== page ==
The plaintiff broadly contends that the defendant bears liability for two reasons: (1) the shower on the MISS DANIELLE was unsafe, and (2) the plaintiff was suffering from fatigue attributable to the defendant's actions.[18]The Court will address each argument in turn.

         A. The MISS DANIELLE's Shower

         The plaintiff contends that the MISS DANIELLE was not reasonably safe as a consequence of the shower's threshold, lack of grab bars, and flooring.[19] The Court finds, though, that construing the facts in the plaintiff's favor, no genuine issues of material fact exist with regard to the shower's safety that would support the plaintiff's claim. The shower is reasonably safe for use by a seaman, and the plaintiff does not have a basis either for contending that the defendant was negligent or that the defendant provided an unseaworthy vessel.[20]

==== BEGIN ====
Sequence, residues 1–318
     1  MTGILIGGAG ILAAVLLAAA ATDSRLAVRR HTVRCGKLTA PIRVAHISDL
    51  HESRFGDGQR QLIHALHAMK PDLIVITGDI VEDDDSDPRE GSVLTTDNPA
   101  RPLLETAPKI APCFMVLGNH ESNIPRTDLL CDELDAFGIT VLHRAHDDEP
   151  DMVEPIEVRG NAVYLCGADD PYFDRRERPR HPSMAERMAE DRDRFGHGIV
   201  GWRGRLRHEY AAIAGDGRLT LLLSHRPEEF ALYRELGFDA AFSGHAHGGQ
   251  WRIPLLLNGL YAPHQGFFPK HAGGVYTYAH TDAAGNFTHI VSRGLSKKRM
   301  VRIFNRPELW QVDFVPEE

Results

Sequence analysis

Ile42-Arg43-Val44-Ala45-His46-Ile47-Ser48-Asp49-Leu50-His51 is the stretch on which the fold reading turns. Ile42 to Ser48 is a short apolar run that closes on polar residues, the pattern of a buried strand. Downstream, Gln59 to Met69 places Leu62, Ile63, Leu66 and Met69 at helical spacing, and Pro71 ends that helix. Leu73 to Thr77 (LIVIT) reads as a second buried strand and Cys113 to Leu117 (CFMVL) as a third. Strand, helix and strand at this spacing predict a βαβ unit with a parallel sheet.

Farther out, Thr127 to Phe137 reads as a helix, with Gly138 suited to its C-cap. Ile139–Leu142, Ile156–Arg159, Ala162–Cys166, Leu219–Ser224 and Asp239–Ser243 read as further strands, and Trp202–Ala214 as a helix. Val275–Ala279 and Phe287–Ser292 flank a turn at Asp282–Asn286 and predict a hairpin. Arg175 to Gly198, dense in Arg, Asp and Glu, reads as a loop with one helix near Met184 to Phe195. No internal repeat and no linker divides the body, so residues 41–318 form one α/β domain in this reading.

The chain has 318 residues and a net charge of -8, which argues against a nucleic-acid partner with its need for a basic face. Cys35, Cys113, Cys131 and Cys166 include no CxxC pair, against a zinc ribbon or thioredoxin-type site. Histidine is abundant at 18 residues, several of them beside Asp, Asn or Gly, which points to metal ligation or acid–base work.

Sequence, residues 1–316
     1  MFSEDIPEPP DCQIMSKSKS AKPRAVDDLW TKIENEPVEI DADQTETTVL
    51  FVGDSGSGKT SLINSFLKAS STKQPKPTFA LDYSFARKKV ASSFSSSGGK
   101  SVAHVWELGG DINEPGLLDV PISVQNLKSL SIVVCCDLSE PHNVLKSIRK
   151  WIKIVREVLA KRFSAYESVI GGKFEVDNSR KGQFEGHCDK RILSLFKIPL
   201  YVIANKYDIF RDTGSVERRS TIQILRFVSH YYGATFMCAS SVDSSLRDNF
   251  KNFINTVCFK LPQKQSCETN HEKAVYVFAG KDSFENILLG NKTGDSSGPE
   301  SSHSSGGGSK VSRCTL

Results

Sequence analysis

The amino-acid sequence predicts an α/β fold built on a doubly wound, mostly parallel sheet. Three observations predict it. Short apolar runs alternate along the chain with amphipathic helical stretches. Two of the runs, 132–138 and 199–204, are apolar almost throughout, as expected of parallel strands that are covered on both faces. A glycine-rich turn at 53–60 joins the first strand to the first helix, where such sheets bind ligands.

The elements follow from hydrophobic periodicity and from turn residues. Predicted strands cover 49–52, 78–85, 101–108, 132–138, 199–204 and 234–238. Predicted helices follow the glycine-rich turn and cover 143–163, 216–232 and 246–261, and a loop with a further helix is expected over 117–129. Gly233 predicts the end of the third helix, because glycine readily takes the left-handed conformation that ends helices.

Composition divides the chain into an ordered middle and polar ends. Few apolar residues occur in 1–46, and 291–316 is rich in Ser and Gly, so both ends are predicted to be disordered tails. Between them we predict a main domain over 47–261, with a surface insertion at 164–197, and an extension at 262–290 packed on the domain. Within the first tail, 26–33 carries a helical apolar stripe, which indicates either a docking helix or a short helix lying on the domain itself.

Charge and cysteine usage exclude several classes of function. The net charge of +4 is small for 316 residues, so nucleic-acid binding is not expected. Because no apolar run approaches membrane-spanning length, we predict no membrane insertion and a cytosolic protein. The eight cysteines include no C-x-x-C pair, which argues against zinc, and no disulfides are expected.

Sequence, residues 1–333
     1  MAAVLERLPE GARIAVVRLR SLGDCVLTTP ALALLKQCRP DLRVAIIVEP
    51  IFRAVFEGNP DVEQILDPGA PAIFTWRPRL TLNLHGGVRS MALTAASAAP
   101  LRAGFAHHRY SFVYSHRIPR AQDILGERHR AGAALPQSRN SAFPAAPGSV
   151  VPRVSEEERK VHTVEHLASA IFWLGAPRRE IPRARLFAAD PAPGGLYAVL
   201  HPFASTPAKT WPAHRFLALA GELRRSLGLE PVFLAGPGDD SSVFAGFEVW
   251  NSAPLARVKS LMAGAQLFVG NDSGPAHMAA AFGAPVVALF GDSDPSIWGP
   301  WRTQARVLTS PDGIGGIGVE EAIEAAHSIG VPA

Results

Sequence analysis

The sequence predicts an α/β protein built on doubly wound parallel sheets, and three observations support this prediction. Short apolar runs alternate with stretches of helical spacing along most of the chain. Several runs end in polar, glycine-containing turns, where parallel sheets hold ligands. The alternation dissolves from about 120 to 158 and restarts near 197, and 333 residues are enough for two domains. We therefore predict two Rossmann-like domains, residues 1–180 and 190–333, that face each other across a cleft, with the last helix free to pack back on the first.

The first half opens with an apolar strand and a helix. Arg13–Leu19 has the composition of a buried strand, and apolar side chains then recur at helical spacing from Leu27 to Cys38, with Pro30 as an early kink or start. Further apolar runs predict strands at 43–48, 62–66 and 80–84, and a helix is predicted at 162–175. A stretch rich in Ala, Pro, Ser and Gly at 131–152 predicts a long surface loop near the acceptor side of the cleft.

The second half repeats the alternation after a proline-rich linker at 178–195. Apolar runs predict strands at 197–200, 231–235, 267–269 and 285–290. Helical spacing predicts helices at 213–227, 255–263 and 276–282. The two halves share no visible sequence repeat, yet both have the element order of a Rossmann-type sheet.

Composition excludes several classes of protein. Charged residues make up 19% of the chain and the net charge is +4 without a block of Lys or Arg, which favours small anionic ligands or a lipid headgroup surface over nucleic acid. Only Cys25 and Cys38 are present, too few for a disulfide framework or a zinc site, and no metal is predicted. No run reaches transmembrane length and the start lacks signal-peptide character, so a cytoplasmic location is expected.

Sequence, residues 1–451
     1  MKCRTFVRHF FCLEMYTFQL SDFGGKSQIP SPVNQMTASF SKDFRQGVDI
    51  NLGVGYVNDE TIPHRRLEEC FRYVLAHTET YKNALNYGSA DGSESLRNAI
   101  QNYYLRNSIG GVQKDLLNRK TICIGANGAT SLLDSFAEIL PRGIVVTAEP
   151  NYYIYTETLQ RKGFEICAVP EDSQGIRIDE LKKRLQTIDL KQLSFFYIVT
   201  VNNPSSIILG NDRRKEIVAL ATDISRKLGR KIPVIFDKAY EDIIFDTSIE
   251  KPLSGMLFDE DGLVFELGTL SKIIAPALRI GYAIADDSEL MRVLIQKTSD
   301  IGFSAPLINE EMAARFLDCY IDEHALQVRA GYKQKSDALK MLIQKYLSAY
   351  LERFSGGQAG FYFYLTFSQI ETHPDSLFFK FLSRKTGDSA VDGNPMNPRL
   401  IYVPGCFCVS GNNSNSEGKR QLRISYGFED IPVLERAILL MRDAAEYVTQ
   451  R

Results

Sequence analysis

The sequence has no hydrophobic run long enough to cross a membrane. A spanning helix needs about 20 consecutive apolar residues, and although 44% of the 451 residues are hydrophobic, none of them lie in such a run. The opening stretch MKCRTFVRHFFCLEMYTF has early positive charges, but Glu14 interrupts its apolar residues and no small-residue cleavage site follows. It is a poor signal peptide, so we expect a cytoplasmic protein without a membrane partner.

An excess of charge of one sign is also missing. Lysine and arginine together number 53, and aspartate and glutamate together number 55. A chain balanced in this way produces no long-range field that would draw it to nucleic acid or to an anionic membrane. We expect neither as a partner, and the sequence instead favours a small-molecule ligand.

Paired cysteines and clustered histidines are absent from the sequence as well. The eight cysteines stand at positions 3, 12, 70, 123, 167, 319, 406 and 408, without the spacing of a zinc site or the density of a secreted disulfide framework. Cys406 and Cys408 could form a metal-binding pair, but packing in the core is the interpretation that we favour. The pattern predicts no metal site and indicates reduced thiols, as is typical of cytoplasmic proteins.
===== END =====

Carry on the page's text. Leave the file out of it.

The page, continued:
The plaintiff presents no admissible evidence to substantiate his conclusion that the design of the shower is unsafe. The Court has excluded the opinion of the plaintiff's expert under a separate order.[21] Neither the plaintiff nor his excluded expert identified any applicable regulations or standards that apply to an uninspected towing vessel-or if so, that apply specifically to the design of a shower-which might substantiate the plaintiff's claim.[22]